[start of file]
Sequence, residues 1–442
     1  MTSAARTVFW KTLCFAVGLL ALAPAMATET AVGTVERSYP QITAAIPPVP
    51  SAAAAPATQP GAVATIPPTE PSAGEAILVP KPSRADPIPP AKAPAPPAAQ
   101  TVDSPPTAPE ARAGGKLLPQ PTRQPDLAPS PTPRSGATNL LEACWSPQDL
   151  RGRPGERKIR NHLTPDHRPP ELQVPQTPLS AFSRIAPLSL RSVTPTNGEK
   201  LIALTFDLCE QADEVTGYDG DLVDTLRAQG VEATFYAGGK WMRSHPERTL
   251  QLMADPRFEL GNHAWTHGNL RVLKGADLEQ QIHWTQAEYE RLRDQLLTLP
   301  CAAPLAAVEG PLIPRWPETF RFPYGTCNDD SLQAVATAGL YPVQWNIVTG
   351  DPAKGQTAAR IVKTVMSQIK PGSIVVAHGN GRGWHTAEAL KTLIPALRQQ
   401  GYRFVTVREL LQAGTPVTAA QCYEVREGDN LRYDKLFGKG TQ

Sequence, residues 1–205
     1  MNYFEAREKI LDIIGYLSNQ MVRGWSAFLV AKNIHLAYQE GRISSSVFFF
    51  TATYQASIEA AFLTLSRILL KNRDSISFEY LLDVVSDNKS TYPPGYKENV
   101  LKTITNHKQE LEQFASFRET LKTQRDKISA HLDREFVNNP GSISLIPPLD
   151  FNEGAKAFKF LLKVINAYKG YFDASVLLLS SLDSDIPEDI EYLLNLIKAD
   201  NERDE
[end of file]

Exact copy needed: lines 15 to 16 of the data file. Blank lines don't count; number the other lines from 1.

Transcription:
   151  FNEGAKAFKF LLKVINAYKG YFDASVLLLS SLDSDIPEDI EYLLNLIKAD
   201  NERDE